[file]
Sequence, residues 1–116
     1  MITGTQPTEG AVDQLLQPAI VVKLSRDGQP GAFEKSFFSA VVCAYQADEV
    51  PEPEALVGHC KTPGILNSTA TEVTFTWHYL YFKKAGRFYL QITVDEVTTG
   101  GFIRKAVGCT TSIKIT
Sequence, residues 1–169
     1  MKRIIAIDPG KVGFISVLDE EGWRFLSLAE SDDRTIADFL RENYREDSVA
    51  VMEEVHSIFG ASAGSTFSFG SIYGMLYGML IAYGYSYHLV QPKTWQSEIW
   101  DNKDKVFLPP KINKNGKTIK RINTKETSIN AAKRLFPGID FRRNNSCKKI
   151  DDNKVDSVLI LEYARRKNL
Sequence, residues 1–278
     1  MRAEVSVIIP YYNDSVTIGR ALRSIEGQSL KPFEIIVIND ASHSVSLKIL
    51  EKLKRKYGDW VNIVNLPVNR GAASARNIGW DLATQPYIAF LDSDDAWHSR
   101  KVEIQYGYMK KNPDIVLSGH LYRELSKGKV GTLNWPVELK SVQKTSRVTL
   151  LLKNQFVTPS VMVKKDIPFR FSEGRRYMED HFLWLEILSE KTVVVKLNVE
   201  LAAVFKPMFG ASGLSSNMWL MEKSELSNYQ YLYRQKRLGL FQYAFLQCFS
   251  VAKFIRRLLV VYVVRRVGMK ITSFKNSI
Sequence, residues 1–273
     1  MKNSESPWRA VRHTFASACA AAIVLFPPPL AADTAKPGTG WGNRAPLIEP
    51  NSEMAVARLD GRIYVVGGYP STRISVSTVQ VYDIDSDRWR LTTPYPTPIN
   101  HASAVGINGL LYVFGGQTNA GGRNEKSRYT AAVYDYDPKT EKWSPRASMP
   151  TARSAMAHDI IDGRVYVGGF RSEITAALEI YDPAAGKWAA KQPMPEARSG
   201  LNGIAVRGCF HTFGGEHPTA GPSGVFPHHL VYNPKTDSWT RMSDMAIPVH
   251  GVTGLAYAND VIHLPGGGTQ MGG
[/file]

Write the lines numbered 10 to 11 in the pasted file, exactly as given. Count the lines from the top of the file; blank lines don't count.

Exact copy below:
Sequence, residues 1–278
     1  MRAEVSVIIP YYNDSVTIGR ALRSIEGQSL KPFEIIVIND ASHSVSLKIL